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Guide to March Gardening in the U.S.

Guide to March Gardening in the U.S.

    With the dismal month of February now behind us, March gives hope of spring and new beginnings.  It’s the perfect time to start working on your spring gardening plans, even though spring doesn’t officially start until much later in the month. Much of the United States still has to contend with cold weather spells in March, but for the southern portions of the country, things are already starting to heat up.

    For many parts of the U.S., spring has already sprung or is just around the corner.  It’s an exciting time for gardeners, who have yet another chance to tend to and raise some some amazing plants, veggies, fruits, and flowers.

    Consult the guide below for recommendations on how to best tackle gardening in your region.

    All Areas –

    • If you’ve neglected your houseplants all winter, now is the time to start feeding and watering them again. If necessary, repot them, and when watering make sure not to overdo it.
    • If you have wet soil in your garden, avoid walking on it.
    • Get your soil tested so you know what you’re up against this spring and summer.

    The Regions:

    Mid-Atlantic –

    Average March Temps: Low 25.4° High 44.5° (Albany, NY) ,  Low 37° High 58.4° (Richmond, VA)

    While frost is still an issue in March, hardy annuals such as Alyssum, Dianthus, and Viola can still go out before the last expected frost. Hold off on planting your summer bulbs and tubers until the soil warms up and dries, and plant shrubs when the ground warms.  You’ll also want to wait on planting vegetables and fruits until the danger of frost has passed and the ground is no longer frozen and is actually workable.  If you have roses in your garden, prune them before buds break.

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    Midwest –

    Average March Temps:   Low 25.7° High 47.3° (Sioux City, IA),  Low 36° High 55.8° (Kansas City, MO)

    Frost is also an issue in many Midwestern states during the month of March, so you’ll want to start growing your seeds indoors.  You can also cut back grasses, as well as finish pruning shrubs.  Start spraying fruit trees.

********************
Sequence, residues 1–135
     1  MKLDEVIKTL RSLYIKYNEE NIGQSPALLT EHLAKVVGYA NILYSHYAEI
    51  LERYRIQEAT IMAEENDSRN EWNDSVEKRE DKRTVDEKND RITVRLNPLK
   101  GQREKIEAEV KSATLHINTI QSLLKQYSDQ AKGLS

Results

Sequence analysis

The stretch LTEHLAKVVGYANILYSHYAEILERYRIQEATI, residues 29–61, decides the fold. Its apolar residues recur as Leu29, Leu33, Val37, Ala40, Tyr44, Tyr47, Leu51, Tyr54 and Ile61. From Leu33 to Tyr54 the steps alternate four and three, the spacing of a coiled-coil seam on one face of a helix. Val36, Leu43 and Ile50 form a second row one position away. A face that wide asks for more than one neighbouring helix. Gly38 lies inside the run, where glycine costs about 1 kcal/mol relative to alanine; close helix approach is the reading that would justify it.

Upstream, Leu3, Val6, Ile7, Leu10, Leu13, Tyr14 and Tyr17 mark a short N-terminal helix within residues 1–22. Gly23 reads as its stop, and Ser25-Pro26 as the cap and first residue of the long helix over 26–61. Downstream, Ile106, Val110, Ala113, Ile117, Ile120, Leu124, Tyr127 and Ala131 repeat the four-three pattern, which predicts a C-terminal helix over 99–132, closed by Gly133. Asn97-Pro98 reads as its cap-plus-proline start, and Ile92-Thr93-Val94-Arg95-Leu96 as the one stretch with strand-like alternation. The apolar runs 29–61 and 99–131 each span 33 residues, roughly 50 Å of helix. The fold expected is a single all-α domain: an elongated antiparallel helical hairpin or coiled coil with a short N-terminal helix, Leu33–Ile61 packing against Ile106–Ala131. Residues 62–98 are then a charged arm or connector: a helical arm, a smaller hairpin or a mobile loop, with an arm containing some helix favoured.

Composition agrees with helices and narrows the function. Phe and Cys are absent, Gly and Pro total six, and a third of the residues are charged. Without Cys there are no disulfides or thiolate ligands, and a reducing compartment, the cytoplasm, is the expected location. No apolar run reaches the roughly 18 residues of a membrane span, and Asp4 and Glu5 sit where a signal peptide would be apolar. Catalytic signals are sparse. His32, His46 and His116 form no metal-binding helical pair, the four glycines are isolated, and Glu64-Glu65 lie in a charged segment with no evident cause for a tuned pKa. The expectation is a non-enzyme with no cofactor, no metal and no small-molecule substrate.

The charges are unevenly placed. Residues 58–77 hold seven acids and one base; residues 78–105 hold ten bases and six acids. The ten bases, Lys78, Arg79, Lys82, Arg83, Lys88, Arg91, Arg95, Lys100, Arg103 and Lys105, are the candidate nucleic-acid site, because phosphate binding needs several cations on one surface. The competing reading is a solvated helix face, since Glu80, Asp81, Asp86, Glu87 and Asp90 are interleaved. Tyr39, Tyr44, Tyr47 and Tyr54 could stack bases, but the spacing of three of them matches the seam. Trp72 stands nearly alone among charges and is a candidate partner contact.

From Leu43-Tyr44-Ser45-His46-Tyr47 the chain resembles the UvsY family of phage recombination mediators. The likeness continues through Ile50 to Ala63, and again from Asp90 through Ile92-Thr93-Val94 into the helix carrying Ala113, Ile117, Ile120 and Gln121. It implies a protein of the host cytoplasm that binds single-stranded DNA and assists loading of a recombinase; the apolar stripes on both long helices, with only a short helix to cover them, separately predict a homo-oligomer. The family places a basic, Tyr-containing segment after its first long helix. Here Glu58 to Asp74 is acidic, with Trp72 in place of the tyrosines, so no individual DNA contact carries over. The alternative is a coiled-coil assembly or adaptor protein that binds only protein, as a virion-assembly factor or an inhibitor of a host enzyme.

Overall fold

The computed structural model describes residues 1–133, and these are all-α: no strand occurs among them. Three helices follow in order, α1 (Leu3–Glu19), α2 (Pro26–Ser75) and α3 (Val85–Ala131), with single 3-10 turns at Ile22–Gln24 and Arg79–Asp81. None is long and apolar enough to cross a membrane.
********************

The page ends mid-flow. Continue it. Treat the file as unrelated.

Northeast –

    Average March Temps: Low 25.2° High 42.2° (Portland, ME),   Low 20.1° High 38.1° (Montpelier, VT)

    It’s still rather cold in the Northeast in March, so like the Midwest, you’ll want to start your warm season seeds indoors and keep an eye on plant crowns that might have heaved out of the ground during a thaw.  Towards the end of the month as it warms up, you can start removing mulch.

    Pacific Northwest –

    Average March Temps: Low 14° High 30° (Missoula, MT),   Low 35° High 45° (Seattle, WA)

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    March in the Pacific Northwest is conducive to starting your seeds of greens indoors.  Things you can do to start preparing your garden include: deadheading early bloomers, continuing to mulch, diligently hunt slugs and set out your apple maggot traps. At the end of the month you can plant peas.

    Southeast –

    Average March Temps:  Low 33° High 53° (Birmingham, AL),  Low 50° High 72° (Orlando, FL)

    Unlike the northern parts of the country, in the southeast you can start actually planting things in the ground.  This is an excellent time to plant cool season vegetables such as lettuce, peas, root veggies, cabbage, broccoli, chard, and greens. You can also plant cool season flowers and berry bushes. Cool season greens and root crops (carrots, onions, beets, radishes, turnips) can be planted directly outdoors.  Seeds of warm season vegetables like tomatoes, peppers, and eggplant should be started indoors at this time.

    Southwest –

    Average March Temps:  Low 17° High 41° (Colorado Springs, CO),  Low 41° High 66° (Phoenix, AZ)

    The Southwestern portion of the U.S. can also start planting things outdoors beginning in March, but freezes are still possible so you’ll want to keep covers on hand.  Start out by pulling back your mulch so that the soil can warm up. You can start planting your summer bulbs, as well as beets, greens, lettuce, potatoes, and corn.  Indoors, you’ll want to start growing your eggplant, peppers, tomatoes, squash and melons – it’s still a little too cold for them.

    Regional Exceptions:

    Florida –

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    Average March Temps:  Low 64° High 80° (Miami, FL),  Low 50° High 73° (Tallahasse, FL)

    It’s tropical season in Florida right now, so for the most part you’re safe.  Cold spells can happen on occasion, so keep prepared. At this time you can begin replacing cool weather annuals with summer annuals, and start putting your perennials in the ground so they can establish. Plant your warm season crops before it gets too hot out.  You should have already started growing your citrus trees in containers, now you can transplant those outdoors.  Established citrus trees can be fertilized now, but you should wait 4 to 6 weeks to feed newly planted ones.

    Northern California –

    Average March Temps:  Low 50° High 68.6° (Chico, CA),  Low 44.5° High 69.9° (San Francisco, CA)